|The Journey of the Jewish Nation -Part III (Ideas #96)|
The End of Jewish History
Besides the written version of the last two sections of this essay, I had the privilege of delivering it as a lecture at the OU Israel Center here in Jerusalem. Many interested questions followed the lecture, but one stood out in particular: I was asked how I envisioned Rav Kook's utopian synthesis of halacha and inspiration in practical terms. I answered that this was a very personal question, since it gets to the core of my own personal vision and, I believe, that of the CardozoAcademy as well.
I replied that, in my understanding, halacha will be explicitly understood as a manifestation of a larger idea. That means that halacha will be seen in perspective, as a legal and ritual corpus that embodies something much greater than itself.
Not to be misunderstood, serious commitment to halacha has shown itself to be the single most important factor in the survival of the Jews as Jews. Accordingly, I see halacha as the body that allows the Jewish national soul to express itself. Without such a body, the Jewish soul floats about without the force of tangible and real expression. In such a situation, the Jewish idea dissipates into a pale reflection of itself. Thus, it should be clear to us that the Jewish mission will only thrive if we continue to give halacha our greatest efforts.
Nonetheless, halacha is often performed in complete isolation from the ideas to which it is supposed to give expression. That we are constantly surrounded with such practice of halacha makes it difficult for us to transcend it. Those of us who live in the Orthodox world automatically associate mere practice of rigorous halacha with the Jewish ideal. On some level, this is an understandable reaction to the threat posed by antinomian movements protesting against halacha in the Modern period. This reaction, however, has also set us back, so that we ignore what brought about these protests to begin with. The coming together of inspiration and halacha that Rav Kook speaks about awaits, not only the movements of protest to revalue the halacha, but it also awaits the traditional forces of reaction to accept the authentic need for inspiration.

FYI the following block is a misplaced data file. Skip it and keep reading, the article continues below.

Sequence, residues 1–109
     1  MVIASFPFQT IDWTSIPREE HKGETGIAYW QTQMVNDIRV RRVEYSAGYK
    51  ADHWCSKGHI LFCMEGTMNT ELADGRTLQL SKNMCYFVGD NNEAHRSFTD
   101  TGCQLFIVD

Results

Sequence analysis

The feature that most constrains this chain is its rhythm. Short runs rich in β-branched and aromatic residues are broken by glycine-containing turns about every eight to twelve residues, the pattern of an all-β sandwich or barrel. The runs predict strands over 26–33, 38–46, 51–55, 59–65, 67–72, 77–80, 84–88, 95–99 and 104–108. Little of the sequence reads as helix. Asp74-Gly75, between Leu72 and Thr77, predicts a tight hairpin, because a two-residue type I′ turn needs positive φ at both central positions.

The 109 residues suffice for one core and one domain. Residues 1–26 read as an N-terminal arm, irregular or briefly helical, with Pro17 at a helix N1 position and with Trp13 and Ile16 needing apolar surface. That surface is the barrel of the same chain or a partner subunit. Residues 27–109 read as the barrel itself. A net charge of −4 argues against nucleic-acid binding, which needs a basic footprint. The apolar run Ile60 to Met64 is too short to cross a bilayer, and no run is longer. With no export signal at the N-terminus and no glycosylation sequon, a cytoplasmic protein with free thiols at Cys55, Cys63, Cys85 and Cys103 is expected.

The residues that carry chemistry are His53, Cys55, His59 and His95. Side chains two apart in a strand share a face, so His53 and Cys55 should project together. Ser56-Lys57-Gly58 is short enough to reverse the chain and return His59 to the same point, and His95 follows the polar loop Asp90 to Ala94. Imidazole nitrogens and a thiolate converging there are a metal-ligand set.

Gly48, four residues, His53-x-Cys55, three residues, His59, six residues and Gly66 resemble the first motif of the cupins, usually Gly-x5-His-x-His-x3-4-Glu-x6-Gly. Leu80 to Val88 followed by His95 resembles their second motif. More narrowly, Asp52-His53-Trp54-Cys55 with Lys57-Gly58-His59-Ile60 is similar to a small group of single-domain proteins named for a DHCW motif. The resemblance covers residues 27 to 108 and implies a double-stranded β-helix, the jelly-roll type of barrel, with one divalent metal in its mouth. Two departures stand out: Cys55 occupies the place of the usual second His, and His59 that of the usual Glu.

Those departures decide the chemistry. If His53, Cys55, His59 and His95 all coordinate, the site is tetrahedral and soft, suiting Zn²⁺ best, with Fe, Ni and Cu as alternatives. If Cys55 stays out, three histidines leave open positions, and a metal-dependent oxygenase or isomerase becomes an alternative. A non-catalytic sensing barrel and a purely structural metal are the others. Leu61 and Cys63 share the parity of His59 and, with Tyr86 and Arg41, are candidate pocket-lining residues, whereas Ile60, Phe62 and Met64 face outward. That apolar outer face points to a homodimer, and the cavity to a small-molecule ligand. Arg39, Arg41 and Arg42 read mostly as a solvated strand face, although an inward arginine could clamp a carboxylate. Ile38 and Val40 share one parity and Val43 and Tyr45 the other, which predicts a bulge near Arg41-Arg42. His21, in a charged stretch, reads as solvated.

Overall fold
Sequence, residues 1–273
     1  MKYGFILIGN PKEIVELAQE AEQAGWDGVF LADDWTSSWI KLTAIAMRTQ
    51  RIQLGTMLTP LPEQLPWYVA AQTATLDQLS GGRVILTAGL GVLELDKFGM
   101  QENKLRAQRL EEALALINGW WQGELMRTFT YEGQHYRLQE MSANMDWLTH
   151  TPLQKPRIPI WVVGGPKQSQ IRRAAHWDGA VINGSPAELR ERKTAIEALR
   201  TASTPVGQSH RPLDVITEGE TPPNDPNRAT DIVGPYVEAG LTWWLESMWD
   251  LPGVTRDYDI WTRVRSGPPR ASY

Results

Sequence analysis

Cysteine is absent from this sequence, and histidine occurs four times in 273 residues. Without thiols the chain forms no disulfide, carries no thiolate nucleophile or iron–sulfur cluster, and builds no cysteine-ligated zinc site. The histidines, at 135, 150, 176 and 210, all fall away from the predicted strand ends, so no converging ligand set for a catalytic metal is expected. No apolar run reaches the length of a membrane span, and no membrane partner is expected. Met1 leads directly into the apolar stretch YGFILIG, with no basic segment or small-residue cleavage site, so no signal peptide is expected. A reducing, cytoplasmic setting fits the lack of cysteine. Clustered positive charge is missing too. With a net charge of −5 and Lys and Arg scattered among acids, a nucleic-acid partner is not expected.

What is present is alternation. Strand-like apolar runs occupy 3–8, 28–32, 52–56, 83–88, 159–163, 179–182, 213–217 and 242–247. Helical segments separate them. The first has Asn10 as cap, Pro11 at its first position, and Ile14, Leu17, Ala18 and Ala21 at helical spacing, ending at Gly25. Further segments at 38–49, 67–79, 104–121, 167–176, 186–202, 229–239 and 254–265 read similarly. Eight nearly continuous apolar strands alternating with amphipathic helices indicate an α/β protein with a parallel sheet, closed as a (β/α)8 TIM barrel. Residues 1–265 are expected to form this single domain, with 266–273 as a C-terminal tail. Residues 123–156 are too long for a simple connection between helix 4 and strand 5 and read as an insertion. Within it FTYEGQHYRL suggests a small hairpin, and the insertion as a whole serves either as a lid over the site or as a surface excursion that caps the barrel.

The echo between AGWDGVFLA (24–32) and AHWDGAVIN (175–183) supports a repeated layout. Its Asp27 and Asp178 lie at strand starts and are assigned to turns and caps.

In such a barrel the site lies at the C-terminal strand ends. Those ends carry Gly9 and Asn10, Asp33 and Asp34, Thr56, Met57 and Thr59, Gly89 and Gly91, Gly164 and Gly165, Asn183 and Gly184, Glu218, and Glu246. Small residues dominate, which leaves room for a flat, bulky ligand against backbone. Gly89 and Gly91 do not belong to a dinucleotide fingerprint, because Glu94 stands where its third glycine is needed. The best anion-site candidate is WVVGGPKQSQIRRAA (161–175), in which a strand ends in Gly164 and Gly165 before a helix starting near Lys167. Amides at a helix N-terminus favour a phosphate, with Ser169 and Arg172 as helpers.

The situation has become so extreme that, even in the realm of prayer, where the halacha and the idea it represents are almost identical, we still frequently have no idea of what we are doing. There is a famous story about a concerned mashgiach ruchani who felt that, in spite of the intense Torah study going on in his yeshiva, his students were missing the point. To remedy the situation, he smacked his fist on the podium in the middle of the independent study session and announced, “There's a G-d in the world.” Sometimes, I feel that we might as well make such an announcement in the middle of our Amidah prayers in shul. Consequently it should come as no surprise that some Jews have deserted our glorious tradition.
In place of this sad situation, the End of Jewish History will be marked by prayer worthy of the name – a detailed expression of our attachment to G-d throughout our daily routine. Our meticulous Torah study will be infused with our longing to know every facet of G-d’s will and to be permeated by its spirit. In that epoch, tzedekah according to all its precepts will not be something that we just do, but a tangible manifestation of our solidarity with, and responsibility for, others. It will be an expression of concern for all who are created in G-d's holy image. Every time that we refrain from minutiae of work on Shabbat and Yom Tov, we will think of our own smallness and the greatness of our Creator. And so too, every detail of the halacha will be performed in a thoughtful manner, that transforms us as we do it.
It is to prepare for this ideal that we have gone through the stages of Jewish history. Our parched souls should make us so thirsty for the general ideas behind the halacha, that we will push ourselves to new states of inspiration and awareness. As Rav Kook points out, however, this movement back to the great idea will need to greet the halacha with loving appreciation. It will need to realize that better times will not result from ceasing to fine-tune the details that we have worked so hard to achieve. No, the intricate development of halacha is an advanced tool waiting to advance our spirituality. But it is, and always will be, a tool.
The challenge of the above messianic vision is largely placed into our own hands. If the vision sounds like what Judaism should be all about, even before the final stage of Jewish history, we should realize that it is easier said than done and that there are still many impediments in its way. Nonetheless, we lose nothing by trying to raise our own mode of observance closer to the ideal in whatever ways we can. By putting meaning into our observance we will not only better ourselves, but we will do our small but very real part in bringing about the End of Jewish History.